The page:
* Hundreds of thousands may face disruption in benefits
* Standoff in Senate over how to pay for them
* Congress leaves for recess without reaching agreement
By Andy Sullivan
WASHINGTON, March 26 Hundreds of thousands of
jobless Americans could face further financial strain in coming
weeks after Congress failed to extend the unemployment benefits
that help them pay the bills while they look for work.
With 14.9 million Americans out of work, Congress adjourned
for a two-week break without extending jobless programs that
are due to expire in coming days.
Republican Senator Tom Coburn blocked the Senate from
voting to extend the program on the grounds its $9.2 billion
cost should not add to the deficit. Democrats say it qualifies
as emergency spending and thus does not need to be offset with
tax increases or spending cuts elsewhere.
The two sides agreed on Thursday to a short-term extension
that would have been paid for elsewhere in the budget, but that
compromise was rejected by the Democratic-controlled House of
The unemployment rate stands at 9.7 percent and is expected
to remain stubbornly high for months to come even as the
economy recovers from the worst recession in 70 years.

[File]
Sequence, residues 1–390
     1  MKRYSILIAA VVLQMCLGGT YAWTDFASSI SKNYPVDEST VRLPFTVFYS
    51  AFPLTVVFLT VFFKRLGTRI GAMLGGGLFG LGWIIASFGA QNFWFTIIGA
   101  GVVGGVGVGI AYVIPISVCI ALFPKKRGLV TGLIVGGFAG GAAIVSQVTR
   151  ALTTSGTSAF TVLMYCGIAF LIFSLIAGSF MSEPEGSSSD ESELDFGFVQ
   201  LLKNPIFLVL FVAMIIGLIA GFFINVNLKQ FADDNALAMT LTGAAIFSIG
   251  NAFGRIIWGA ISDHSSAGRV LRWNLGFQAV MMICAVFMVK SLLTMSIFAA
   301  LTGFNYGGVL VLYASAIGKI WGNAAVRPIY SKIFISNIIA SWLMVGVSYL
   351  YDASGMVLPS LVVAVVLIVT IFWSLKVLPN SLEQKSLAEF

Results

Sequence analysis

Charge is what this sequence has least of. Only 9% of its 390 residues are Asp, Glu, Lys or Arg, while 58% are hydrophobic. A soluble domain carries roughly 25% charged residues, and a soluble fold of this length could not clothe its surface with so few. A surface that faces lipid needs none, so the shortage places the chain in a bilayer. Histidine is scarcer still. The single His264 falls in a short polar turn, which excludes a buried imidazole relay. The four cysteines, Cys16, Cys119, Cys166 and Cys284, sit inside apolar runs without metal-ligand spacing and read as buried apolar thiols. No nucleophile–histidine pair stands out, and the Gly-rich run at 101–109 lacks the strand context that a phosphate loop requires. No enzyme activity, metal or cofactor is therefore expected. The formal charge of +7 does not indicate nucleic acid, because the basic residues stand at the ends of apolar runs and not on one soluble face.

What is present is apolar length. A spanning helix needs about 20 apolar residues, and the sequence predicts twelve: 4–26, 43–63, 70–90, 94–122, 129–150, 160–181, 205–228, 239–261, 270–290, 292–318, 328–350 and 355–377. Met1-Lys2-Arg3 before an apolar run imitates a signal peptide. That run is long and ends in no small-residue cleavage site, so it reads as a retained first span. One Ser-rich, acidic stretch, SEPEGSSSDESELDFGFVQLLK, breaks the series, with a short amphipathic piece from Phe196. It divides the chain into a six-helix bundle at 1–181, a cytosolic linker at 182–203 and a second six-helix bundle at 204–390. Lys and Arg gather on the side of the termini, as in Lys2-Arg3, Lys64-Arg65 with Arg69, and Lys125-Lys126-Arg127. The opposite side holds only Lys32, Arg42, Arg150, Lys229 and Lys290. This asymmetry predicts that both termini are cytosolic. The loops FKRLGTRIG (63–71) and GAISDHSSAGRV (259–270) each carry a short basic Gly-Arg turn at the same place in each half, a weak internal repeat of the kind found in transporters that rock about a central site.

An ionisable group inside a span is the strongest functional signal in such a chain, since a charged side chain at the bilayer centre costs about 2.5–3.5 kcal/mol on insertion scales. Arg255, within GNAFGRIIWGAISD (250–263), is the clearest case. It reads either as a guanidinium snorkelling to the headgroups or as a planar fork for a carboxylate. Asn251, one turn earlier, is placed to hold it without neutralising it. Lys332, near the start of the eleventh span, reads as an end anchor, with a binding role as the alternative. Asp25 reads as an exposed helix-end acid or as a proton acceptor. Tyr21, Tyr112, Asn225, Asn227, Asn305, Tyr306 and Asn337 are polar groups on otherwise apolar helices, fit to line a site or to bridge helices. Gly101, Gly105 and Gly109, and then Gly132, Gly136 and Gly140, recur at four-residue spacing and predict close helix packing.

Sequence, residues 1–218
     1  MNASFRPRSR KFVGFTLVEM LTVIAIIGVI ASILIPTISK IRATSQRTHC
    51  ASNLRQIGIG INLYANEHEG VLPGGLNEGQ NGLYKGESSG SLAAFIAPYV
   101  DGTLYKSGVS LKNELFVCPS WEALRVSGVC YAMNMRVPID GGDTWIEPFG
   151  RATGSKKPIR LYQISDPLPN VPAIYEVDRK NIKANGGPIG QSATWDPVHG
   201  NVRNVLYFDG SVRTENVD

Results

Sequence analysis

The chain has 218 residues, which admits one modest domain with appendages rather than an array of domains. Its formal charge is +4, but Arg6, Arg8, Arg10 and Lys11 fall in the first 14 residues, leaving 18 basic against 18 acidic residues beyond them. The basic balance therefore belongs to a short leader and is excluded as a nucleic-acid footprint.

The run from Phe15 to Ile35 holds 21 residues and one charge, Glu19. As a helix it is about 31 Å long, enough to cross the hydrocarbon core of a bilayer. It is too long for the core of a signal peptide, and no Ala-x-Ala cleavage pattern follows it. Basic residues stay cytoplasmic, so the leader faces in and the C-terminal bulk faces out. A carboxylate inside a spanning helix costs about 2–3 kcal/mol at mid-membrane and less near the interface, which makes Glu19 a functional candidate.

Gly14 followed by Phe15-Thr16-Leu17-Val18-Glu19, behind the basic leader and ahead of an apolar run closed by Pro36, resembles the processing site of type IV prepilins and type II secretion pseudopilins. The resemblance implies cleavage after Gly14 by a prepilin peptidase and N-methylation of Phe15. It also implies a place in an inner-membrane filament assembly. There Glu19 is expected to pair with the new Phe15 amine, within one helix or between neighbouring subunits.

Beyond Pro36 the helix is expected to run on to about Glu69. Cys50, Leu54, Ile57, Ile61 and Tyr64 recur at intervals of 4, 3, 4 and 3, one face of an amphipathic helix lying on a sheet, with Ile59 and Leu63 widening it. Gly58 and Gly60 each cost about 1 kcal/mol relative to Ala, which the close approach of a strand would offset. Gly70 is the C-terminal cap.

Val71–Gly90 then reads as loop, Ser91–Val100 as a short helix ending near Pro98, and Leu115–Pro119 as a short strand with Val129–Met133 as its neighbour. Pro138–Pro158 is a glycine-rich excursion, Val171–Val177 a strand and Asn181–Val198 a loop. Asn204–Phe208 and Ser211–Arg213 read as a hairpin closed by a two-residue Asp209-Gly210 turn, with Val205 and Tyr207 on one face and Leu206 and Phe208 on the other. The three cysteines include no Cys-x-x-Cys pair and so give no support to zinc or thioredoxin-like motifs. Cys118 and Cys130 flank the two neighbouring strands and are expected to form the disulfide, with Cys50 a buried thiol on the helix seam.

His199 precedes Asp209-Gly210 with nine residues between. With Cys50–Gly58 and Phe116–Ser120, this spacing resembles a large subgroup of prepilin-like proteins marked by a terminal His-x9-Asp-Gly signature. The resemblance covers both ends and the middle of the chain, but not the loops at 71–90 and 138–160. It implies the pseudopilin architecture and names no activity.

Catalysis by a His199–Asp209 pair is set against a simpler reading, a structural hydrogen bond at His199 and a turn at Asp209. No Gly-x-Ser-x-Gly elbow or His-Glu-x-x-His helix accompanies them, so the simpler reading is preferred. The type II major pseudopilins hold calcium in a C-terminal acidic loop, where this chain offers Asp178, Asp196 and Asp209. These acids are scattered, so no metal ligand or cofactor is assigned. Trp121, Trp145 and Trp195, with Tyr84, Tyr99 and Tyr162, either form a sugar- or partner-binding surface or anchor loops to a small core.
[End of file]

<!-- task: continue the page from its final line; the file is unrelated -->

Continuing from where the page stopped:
With no solution to the impasse, senators held a final
round of finger-pointing before leaving for a spring recess.
Democrats noted Republicans did not seek ways to pay for
massive tax cuts and other measures that added to the deficit
when they controlled Congress.
"If this isn't an emergency, I don't know what is," said
Democratic Senator Debbie Stabenow, whose home state of
Michigan has the nation's highest unemployment rate at 14.1
Republicans said Democrats are not interested in reining in
spending despite record budget deficits.
"Somebody has to start saying 'no' to the addiction that we
have, that every time we have a problem we just spend money on
it," Coburn said.
Jobless benefits normally expire after six months but
Congress has extended the limit several times amid a slump
marked by unusually high levels of long-term joblessness. More
than 40 percent of the unemployed have been out of work for
longer than six months, according to the Labor Department.
The House passed another extension more than a week ago,
but the Senate did not take it up until Thursday as the
healthcare reform effort dominated the agenda.
A similar standoff at the end of February suspended
benefits for several days. This time it could lead to greater
Congress is scheduled to return on April 12, a week after
benefits will start to expire for those who have been out of
work the longest.
Healthcare subsidies for the unemployed and a federal
flood-insurance program also would be disrupted. Doctors who
treat patients under the Medicare health-insurance program
would see their pay slashed.
The Senate will seek to reinstate these programs
retroactively when it returns from break, according to a
spokesman for Senate Majority Leader Harry Reid.
But even a one-week disruption in unemployment benefits
could be a severe blow when one job is available for every five
people looking for work.
"We're talking about $250 to $300 a week, but it's the
difference between being able to keep your family going and
not," Stabenow said.
(Editing by Vicki Allen)